Washington, DC — In a stinging rebuke, unions representing the vast majority of U.S. Environmental Protection Agency scientists, attorneys and other specialists have vowed to cut off future discussions with embattled Administrator Stephen Johnson, according to a letter released today by Public Employees for Environmental Responsibility (PEER). Already in the hot seat for overruling staff advice that he was legally required to grant California’s requested waiver to regulate greenhouse gases, Johnson now faces a litany of charges that he has also been duplicitous on an array of other scientific integrity, information suppression and workplace relations issues.
In a February 29, 2008 letter, the presidents of 19 locals from four unions representing more than 10,000 staff from EPA headquarters, all but one of its regional offices and seven lab complexes served notice that they will “suspend” further involvement with the National Labor-Management Partnership Council. The Partnership Council is a nearly ten-year old forum for resolving disagreements.
The joint leap-day letter cites repeated instances of broken pledges or bad faith by Johnson, including –
- Refusing to enforce the agency’s “Principles of Scientific Integrity” involving “fluoride drinking water standards, organophosphate pesticide registration, control of mercury emissions from power plants, and “the California waiver decision where the unions contend Johnson has allowed outside influences to preclude “good science in [EPA] decision making”;
- Using in-house legal staff to retaliate against whistleblowers and union officers; and
- Ignoring requests to fix problems in EPA’s performance appraisal system, which according to the unions, has deteriorated into “jargon and subjective measures” such that it is “all but impossible for employees to know when they are performing at an outstanding level.”
“Whatever reservoir of good will and credibility that Stephen Johnson had as a career employee is fast evaporating,” stated PEER Executive Director Jeff Ruch, noting that the Bush administration often has defended questionable environmental decisions by pointing to Johnson’s status as “a career scientist.” “On a host of critical issues, the nation is looking for EPA to lead, but Johnson cannot be an effective leader from inside a bunker.”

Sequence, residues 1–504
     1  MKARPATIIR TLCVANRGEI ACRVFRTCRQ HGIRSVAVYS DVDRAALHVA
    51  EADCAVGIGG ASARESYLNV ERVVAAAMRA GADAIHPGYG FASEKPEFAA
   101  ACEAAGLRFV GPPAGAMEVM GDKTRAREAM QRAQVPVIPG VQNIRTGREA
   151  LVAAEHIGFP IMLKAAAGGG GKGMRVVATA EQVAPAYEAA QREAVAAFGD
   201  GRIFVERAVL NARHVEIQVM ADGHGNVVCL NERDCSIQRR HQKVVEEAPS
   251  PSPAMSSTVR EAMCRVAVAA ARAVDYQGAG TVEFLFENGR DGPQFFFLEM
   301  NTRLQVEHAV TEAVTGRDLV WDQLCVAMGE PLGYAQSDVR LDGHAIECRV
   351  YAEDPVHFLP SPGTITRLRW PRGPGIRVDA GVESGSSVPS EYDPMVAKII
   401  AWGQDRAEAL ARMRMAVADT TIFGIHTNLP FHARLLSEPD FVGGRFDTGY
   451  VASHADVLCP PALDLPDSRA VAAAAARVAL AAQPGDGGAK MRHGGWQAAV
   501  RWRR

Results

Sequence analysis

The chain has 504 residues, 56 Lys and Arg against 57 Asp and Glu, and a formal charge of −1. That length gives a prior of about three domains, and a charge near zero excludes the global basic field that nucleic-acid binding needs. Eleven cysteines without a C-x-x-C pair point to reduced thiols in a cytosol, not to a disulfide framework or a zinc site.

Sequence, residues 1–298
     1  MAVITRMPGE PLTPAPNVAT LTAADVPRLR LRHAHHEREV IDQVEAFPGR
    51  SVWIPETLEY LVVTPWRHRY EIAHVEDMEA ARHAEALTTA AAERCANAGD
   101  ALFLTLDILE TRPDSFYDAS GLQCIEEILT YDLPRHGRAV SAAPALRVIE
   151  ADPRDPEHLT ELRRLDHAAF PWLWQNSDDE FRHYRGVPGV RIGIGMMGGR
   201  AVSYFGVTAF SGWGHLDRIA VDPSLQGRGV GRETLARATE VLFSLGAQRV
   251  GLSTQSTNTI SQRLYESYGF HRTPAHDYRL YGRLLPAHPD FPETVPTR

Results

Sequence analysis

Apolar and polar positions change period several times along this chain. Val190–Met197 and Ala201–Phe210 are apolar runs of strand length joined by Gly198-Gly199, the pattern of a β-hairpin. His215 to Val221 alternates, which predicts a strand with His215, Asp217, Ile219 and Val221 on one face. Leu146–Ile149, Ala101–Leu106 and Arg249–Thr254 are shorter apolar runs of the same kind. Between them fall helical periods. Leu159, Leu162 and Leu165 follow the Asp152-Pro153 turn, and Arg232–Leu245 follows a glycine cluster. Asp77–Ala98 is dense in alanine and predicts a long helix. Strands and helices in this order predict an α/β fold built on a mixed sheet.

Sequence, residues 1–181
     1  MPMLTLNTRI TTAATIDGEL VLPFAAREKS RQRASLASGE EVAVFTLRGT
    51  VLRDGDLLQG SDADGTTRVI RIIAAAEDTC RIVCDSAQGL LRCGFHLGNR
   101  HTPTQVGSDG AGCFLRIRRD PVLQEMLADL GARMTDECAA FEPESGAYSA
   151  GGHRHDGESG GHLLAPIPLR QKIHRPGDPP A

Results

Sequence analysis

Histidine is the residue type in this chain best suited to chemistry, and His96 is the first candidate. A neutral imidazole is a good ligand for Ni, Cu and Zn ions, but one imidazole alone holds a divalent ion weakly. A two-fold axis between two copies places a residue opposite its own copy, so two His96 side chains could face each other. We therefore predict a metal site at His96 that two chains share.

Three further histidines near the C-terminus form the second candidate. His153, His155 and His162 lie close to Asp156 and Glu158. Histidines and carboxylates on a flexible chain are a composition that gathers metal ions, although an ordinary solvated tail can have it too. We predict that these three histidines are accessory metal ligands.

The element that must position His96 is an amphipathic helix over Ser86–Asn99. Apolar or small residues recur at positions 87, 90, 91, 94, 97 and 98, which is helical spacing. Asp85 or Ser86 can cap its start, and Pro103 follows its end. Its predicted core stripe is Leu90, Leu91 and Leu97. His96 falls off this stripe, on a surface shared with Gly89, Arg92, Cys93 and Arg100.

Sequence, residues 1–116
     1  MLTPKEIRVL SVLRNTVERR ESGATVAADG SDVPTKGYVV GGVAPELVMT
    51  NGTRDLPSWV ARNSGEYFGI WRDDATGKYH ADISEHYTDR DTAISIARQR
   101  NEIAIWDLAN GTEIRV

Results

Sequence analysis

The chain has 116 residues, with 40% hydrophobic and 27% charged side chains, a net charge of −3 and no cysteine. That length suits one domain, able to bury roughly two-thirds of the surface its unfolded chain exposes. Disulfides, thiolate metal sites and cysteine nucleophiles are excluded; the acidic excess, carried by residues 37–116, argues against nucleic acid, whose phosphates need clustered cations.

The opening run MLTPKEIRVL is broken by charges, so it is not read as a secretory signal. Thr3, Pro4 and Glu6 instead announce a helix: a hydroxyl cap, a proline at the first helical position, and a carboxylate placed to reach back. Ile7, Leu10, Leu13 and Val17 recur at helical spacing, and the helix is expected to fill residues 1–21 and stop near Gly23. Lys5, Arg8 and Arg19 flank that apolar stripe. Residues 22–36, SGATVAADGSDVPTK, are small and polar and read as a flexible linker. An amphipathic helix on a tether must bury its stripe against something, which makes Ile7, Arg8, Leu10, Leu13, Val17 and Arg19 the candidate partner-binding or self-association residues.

The EPA Labor Union Coalition, consisting of four major unions (the American Federation of Government Employees, the Engineers and Scientists of California, the National Association of Government Employees and the National Treasury Employees Union), is particularly incensed by EPA’s refusal to discuss, let alone negotiate, its closure of agency libraries. Last month, the Federal Labor Relations Board sanctioned EPA and ordered it to bargain any further changes with affected unions.
“With each committee appearance more contentious and embarrassing than the last, it is hard to see how Johnson can break this downward spiral except by resigning,” added Ruch, pointing to Johnson’s recent claims that he cannot recall clear and overwhelming staff advice for granting California’s waiver requests, as evidenced by memos and PowerPoint presentations being unearthed by committee investigators. “It is a very bad sign that Johnson has been reduced to the Alberto Gonzales defense.”